Lesson plan

Similes and Metaphors: Comparisons Done Right

Your little poets will love how their creative writing abilities will grow with this lesson about similes and metaphors. Students engage in fun activities to learn about similes and metaphors and write comparisons as directed.
Grade Subject View aligned standards

Students will be able to identify and explain the meaning of simple similes and metaphors in context.

(10 minutes)
  • Tell students that a good way to improve their descriptive writing is to use comparisons. There are two common types of comparisons people use when writing. These comparisons are called metaphors and similes.
  • Tell your students that a simile is a comparison that uses the words "like" or "as." Write “She is as busy as a bee.” on the board. Ask for a volunteer to explain what that comparison means.
  • Tell your students that a metaphor is a word or group of words that compares two people, animals, things, or places. Write "The classroom was a zoo when the substitute teacher was there." on the board. Ask a volunteer to explain this comparison.
  • Make anchor charts to display the rules of simile or metaphor comparisons if desired.
(25 minutes)
  • Review once again that similes and metaphors are comparisons.
  • Emphasize that the comparisons are not meant to be taken literally. Note: ESL students have great difficulty understanding the technique of using a comparison that is not meant to be taken literally.
  • Check for student understanding of this writing technique before proceeding.
  • Tell your students you are going to play a simile game and that you will first demonstrate how to play it.
  • Students will be making up comparisons about themselves to create a simile. Display a list on your board or document camera as follows:
    I am as tall as a ___________________.
    I am funny like a ___________________.
    I am as fast as a ___________________.
    I am as happy as a ___________________.
    I am as clever as a __________________.
  • Demonstrate the technique by answering the first two comparisons in relation to yourself. Explain why you chose the comparison you did and reinforce that it is a simile because it is a comparison that uses the word “as” or “like."
  • Go around the room and let each student finish one of the statements of their choice. Always discuss the comparison and reinforce why it is a simile.
  • Write down some of the comparisons the students make and save those comparisons for the Guided Practice section.
  • Repeat the activity, but this time students will be making metaphors.
  • Review the definition of a metaphor. Stress that a metaphor does not make a comparison with the words “as” or “like." This activity is usually more challenging and students will need guidance to create a metaphor. Help them develop their comparison and to make it a metaphor and continue to demonstrate this comparison as needed.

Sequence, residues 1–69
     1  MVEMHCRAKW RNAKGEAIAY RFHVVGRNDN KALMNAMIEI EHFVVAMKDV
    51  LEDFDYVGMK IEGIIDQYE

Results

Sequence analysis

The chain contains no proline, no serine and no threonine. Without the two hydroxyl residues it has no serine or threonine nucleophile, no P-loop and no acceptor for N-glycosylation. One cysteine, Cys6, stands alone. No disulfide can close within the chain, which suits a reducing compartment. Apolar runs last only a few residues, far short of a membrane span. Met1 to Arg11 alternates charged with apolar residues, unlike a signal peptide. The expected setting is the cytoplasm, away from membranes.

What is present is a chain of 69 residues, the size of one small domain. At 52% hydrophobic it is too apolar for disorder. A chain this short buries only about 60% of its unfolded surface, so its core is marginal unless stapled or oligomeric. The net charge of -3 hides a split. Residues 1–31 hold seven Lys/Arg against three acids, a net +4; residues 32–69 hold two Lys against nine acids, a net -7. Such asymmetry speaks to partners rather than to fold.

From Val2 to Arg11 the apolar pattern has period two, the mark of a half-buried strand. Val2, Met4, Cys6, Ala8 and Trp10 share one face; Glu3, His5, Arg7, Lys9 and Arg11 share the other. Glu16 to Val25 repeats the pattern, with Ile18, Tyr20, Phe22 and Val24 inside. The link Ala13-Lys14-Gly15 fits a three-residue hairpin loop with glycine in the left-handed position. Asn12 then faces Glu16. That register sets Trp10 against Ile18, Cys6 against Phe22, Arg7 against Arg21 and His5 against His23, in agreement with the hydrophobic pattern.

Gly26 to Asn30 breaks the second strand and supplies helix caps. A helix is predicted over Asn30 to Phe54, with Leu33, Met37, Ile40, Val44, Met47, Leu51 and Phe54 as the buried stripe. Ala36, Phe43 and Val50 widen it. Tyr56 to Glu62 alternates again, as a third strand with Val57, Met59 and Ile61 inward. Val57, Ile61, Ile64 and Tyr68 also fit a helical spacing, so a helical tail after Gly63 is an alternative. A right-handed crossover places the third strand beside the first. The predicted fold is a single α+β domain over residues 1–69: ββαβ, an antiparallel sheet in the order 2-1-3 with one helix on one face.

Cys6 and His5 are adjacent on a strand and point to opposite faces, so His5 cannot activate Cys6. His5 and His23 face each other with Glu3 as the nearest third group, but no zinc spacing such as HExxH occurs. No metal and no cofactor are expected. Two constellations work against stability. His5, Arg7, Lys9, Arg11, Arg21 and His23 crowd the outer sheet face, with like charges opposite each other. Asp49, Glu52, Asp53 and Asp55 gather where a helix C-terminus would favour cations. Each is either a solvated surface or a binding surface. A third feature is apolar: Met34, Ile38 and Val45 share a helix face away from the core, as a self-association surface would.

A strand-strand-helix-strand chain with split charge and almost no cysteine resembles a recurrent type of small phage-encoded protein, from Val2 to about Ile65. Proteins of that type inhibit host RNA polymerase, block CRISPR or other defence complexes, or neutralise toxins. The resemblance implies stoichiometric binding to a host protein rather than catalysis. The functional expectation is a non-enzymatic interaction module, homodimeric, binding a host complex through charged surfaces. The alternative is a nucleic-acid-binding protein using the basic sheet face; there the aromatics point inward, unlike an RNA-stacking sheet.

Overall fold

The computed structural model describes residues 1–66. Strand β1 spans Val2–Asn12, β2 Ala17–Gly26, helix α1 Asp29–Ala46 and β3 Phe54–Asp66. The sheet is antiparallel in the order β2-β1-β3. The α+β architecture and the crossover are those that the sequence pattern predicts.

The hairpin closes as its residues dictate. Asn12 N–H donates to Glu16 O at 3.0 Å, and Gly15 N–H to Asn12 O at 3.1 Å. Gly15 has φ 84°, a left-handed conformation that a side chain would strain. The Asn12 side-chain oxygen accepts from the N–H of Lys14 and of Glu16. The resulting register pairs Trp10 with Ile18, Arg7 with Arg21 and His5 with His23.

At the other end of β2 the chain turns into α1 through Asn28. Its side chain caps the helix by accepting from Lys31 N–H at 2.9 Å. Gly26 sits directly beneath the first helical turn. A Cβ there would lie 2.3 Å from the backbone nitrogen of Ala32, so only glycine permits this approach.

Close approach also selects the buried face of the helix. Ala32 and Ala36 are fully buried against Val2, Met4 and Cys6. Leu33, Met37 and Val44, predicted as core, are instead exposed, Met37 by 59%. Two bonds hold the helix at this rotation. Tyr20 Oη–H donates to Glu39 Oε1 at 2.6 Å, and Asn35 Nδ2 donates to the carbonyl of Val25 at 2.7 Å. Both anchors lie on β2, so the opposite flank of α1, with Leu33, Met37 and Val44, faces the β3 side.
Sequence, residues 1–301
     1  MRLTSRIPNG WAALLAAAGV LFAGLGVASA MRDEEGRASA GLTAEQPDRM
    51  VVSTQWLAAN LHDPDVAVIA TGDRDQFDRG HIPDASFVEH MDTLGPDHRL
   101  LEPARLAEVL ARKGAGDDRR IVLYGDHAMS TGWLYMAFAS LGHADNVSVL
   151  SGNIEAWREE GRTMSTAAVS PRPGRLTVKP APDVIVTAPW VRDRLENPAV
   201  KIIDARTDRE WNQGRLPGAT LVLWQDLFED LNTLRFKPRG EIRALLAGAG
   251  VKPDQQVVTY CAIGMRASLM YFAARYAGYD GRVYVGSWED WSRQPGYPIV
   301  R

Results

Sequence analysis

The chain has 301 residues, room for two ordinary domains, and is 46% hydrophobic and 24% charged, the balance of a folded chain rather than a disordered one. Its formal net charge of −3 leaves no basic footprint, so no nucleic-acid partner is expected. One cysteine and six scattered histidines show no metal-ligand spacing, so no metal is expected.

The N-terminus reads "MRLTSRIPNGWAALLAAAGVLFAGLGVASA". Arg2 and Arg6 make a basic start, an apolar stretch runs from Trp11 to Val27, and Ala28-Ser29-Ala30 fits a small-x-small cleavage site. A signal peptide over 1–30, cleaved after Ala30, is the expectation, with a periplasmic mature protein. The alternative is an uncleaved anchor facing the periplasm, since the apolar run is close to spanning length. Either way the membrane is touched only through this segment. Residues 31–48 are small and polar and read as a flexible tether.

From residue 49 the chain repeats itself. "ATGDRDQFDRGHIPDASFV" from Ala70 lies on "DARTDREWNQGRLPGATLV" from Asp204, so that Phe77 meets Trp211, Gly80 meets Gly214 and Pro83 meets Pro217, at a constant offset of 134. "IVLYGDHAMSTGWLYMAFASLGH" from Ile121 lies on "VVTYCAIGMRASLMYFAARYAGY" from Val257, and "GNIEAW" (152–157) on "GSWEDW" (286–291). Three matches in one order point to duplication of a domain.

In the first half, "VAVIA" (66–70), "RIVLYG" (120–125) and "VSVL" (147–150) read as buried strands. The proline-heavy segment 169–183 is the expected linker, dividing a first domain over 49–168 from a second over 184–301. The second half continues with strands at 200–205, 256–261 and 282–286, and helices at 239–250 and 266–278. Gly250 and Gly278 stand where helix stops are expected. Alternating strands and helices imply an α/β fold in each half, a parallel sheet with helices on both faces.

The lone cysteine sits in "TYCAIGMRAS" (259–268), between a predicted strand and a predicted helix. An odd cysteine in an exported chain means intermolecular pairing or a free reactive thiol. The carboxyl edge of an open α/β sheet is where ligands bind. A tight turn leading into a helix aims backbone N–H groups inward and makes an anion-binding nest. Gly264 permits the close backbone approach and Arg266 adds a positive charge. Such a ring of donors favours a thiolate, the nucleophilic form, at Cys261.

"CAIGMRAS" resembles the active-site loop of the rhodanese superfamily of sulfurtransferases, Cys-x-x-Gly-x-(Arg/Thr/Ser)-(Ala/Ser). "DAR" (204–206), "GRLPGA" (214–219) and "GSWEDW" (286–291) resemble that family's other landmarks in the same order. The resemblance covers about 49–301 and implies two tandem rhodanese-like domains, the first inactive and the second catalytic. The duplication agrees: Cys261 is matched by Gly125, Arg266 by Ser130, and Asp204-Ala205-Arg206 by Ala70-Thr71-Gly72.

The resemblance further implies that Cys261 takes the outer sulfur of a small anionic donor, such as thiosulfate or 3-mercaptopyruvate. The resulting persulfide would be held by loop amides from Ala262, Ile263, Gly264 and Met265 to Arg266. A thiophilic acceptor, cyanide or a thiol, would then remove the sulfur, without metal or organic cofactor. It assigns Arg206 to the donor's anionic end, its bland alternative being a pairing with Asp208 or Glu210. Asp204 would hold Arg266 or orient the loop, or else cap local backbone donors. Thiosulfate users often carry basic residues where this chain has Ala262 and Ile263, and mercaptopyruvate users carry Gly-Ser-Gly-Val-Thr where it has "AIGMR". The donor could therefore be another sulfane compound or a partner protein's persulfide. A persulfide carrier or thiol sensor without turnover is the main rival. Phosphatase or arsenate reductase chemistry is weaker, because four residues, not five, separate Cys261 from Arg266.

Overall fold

• Write on the board or document camera the following:
    The snow is ___________________.
    Her heart is a ___________________.
    My teacher is a ___________________.
    The world is a ___________________.
    My best friend is a ___________________.
  • Demonstrate the technique by completing several of the metaphors.
  • Go around the room and allow students to select the comparison they want to complete. Ask students to explain the meaning of their comparison as you did with the similes. Write down several of the responses for Guided Practice.
  • Check for understanding.
(20 minutes)
  • Have the simile and metaphor responses you recorded from the Explicit Instruction activity. Tell students that they will practice identifying similes and metaphors. Read the class' examples.
  • Ask for a student volunteer to identify the type of comparison and to explain what the comparison means.
  • Check for understanding and work with students struggling with these comparisons in a small group.
(15 minutes)
  • Select an engaging and fun topic such as zombies for this segment.
  • Tell students that you want them to take out a piece of notebook paper and write down two similes and two metaphors about zombies.
  • Collect their papers when completed and use for assessment.
  • Enrichment: Challenge students to take the comparisons they wrote during independent working time and create a poem that uses two or more of the comparisons they wrote.
  • Support: Provide small group support for struggling students so they can review and practice the comparison techniques of metaphors and similes.
(15 minutes)
  • Review student zombie comparisons and check for mastery of similes and metaphors.
  • Provide feedback on their papers and return.
(15 minutes)
  • Ask students to volunteer to share their examples of similes and metaphors with the class.
  • Ask other students to explain why the student example was a simile or metaphor.
  • Summarize the lesson by reinforcing the rules that make a comparison a simile or metaphor.
  • Consider reading a poem to the class that contains some examples of similes or metaphors and discuss how those comparisons enrich the writing of the poem.

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